where is the Boltzman constant, the proton mass and the mean molecular mass. Magnetorotational instability (MRI) is the most likely source of turbulence in disks (e.g Johansen & Klahr 2005). MRI essentially depends on the disk temperature and penetration of cosmic, X- and UV-rays to the midplane. The dust diffusivity in Eq. 1 can be defined in terms of St when the gas diffusivity is considered to be the turbulent gas viscosity (Youdin & Lithwick 2007), hence

(5)

The Stokes number St describes how well the particles are coupled to the gas. When St  1, the first term dominates in Eq 2, i.e., , and as a result these particles move along with the gas, meaning that they have sub-Keplerian velocities. When the particle size increases, the second term, i.e., starts to dominate and reaches the highest value when St = , and as a consequence these are the particles that react strongest to the sub-Keplerian velocity of the gas. The bodies with St  1 move with their own velocity, i.e., Keplerian speed.

In addition, dust particles grow, fragment, and crater depending on the relative velocities between them. For this the Smoluchowski coagulation equation (Smoluchowski 1916) was solved for the dust grain distribution (see Birnstiel et al. 2010a, Eq. 35 and Eq. 36), considering three different physical processes: coagulation, fragmentation, and erosion. For the relative velocities, we assumed Brownian motion, settling, turbulent motion (Ormel & Cuzzi 2007), and drift velocities in the azimuthal and radial direction. The fragmentation velocities were estimated based on laboratory experiments and theoretical work of collisions, which are of the order of few for silicates (Blum & Wurm 2008) and several for ices (e. g., Wada et al. 2009, 2011). To describe the dust grain distribution, we refer to the vertically integrated dust surface density distribution per logarithmic bin, which is given by

(6)

where is the mass of a single particle of size . Therefore the total dust surface density can be written as

(7)

2.2 High radial drift and fragmentation in BD disks

In a protoplanetary disk, large bodies feel no pressure and move with Keplerian speed, while the gas is slightly sub-Keplerian. As a result, particles that have grown to a size where they start to decouple from the gas, i.e., St  1, feel a strong headwind, lose angular momentum, and move inward. Solving the radial Navier-Stokes equation, the azimuthal velocity of the gas is given by (Nakagawa et al. 1986)

(8)

where is the Keplerian speed and

(9)

with the gas density, such that the gas surface density is given by . For an ideal gas, the pressure is defined as

(10)

and therefore

(11)

where the term in parenthesis depends only on the exponents that characterize the power-law gas density and temperature radial profiles in a flared disk. For the temperature, can be approximated by (Kenyon & Hartmann 1987)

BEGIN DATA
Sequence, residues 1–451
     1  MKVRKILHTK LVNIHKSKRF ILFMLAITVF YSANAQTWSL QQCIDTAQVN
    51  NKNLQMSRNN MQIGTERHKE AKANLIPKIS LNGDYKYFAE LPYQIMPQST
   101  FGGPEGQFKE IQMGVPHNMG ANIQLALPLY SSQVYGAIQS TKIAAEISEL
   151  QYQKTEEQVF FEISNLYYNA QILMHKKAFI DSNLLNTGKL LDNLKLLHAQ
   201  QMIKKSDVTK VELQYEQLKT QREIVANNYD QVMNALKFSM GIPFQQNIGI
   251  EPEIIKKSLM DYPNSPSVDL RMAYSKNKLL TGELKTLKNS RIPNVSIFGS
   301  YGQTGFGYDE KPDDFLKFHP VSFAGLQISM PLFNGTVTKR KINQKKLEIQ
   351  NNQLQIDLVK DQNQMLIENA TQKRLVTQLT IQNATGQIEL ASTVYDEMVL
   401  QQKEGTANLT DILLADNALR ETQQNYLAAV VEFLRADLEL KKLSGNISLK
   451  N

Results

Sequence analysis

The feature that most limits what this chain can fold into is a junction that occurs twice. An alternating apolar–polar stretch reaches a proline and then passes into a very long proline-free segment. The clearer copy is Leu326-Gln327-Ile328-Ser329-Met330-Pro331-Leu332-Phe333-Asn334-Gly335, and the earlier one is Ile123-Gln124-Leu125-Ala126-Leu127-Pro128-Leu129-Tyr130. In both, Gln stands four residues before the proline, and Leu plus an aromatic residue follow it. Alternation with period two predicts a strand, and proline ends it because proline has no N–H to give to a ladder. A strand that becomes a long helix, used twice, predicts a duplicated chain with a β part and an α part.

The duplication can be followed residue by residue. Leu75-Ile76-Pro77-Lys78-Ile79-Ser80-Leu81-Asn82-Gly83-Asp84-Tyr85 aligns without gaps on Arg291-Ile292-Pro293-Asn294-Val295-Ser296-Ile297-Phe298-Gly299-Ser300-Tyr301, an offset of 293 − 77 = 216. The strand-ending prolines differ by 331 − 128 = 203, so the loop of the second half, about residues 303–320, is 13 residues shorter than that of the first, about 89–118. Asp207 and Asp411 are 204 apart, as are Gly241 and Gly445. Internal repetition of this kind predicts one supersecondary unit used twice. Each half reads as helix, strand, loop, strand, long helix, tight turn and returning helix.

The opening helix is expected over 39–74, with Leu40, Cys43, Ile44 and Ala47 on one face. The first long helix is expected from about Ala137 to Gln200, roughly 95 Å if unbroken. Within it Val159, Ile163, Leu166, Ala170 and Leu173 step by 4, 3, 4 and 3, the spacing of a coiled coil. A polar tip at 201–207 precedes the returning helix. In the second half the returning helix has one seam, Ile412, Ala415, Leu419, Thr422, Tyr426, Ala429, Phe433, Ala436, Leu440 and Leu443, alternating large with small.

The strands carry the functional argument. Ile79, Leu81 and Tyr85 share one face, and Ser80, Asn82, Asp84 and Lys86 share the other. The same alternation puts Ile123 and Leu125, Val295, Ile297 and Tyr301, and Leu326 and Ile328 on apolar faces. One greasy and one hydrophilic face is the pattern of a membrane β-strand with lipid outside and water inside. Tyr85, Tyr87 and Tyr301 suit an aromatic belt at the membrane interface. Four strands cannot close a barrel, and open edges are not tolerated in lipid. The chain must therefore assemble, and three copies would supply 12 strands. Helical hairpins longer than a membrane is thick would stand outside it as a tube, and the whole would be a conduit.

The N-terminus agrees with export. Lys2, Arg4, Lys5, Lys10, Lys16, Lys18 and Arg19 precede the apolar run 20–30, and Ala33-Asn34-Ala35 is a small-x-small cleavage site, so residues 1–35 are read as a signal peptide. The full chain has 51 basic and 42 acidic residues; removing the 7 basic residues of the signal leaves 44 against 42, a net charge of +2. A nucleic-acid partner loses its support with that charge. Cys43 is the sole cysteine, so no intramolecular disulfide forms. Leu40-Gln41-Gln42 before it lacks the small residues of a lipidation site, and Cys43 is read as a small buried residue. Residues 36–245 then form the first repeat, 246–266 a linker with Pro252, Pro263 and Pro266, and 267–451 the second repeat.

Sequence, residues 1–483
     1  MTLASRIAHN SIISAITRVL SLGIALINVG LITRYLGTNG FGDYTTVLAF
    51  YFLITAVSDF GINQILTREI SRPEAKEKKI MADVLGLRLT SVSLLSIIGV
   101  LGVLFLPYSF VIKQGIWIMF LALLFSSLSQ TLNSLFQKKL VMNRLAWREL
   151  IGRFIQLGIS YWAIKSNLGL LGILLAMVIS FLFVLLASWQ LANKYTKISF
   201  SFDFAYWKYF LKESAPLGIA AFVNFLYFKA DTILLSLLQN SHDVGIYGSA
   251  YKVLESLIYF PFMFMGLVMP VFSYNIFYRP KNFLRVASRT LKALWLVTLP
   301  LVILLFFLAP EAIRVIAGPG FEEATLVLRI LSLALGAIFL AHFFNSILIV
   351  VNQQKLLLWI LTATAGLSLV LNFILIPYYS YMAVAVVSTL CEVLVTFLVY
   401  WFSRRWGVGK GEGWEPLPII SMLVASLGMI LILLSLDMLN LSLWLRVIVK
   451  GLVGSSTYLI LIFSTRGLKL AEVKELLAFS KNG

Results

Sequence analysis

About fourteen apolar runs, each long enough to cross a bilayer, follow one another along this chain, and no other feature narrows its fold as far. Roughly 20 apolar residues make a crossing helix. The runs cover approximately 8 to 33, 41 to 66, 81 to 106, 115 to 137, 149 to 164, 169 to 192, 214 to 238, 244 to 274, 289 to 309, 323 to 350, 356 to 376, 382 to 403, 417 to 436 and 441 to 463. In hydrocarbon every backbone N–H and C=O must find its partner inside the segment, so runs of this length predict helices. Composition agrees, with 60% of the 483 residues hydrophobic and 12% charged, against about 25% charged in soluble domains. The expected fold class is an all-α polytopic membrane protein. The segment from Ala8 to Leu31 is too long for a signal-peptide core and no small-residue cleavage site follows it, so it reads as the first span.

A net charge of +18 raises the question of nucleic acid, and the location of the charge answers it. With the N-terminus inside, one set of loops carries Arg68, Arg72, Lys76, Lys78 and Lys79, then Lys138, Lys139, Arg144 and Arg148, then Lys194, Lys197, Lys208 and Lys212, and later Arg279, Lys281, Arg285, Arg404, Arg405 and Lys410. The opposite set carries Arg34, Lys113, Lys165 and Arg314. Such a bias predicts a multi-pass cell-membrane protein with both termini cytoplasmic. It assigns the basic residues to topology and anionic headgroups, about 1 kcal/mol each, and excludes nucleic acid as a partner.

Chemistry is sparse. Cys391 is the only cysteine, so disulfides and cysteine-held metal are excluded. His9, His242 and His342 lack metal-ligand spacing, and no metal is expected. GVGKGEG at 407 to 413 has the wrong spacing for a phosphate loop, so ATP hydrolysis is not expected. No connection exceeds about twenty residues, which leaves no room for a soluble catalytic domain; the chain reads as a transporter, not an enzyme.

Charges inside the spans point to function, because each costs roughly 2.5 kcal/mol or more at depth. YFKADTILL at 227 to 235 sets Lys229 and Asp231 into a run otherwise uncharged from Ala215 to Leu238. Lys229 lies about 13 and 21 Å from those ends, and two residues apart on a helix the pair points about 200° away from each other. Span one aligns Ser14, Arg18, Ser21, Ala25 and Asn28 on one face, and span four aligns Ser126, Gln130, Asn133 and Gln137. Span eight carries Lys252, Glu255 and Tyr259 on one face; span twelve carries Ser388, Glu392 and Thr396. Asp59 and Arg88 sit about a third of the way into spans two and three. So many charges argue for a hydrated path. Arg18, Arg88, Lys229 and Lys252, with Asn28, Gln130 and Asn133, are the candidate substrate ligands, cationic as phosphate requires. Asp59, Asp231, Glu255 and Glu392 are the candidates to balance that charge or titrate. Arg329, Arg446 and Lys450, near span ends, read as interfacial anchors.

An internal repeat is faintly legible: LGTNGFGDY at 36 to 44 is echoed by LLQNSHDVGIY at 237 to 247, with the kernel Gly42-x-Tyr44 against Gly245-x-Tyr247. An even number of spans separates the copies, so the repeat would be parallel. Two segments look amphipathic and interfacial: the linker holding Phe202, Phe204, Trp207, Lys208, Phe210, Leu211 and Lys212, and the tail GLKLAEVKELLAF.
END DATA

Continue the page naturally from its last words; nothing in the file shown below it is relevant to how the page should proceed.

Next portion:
(12)

where . is the angle between the incident radiation and the local disk surface. For the last proportionality of Eq. 12 the weak dependence of with is neglected. Considering Eq. 12 for the disk temperature and assuming a simple power-law function for the gas density profile, the difference between the orbital gas velocity and the Keplerian speed scales as (independently of the radial location )

(13)

This difference determines how much angular momentum the particles lose, and as a consequence, how fast they drift to the central star. Taking Eq. 2 for the dust radial velocity, and considering grains with St , the drag term (first term of Eq. 2) can be neglected and can be written in terms of the difference as

(14)

For comparison, taking the parameters of the BD know as Oph 102 (Ricci et al. 2012) and comparing them with a young solar-type star, i.e., and , this leads to

(15)

The fact that the radial drift is higher for BD disks than for Sun-like disks also implies that destructive collisions due to radial drift are more likely because it contributes to increase the relative velocities between the particles. Therefore rapid inward drift and the potential fragmentation due to these high drift velocities are major problems for particles in BD disks.

In addition, the highest turbulent relative velocity of particles with a given Stokes number is given by (Ormel & Cuzzi 2007)

(16)

When the radial drift is set to zero, the largest size of particles is calculated when the turbulent relative velocities (Eq. 16) are equal to the fragmentation velocities . For particles with St  1, is approximately given by

(17)

This implies that considering only turbulent velocities, will depend on disk parameters such as , , and , which strongly vary between BD and T-Tauri disks. Whether turbulence or radial drift is the cause for destructive collisions for the dust within the disk, fragmentation would occur differently for BD disks, as we discuss in the following sections.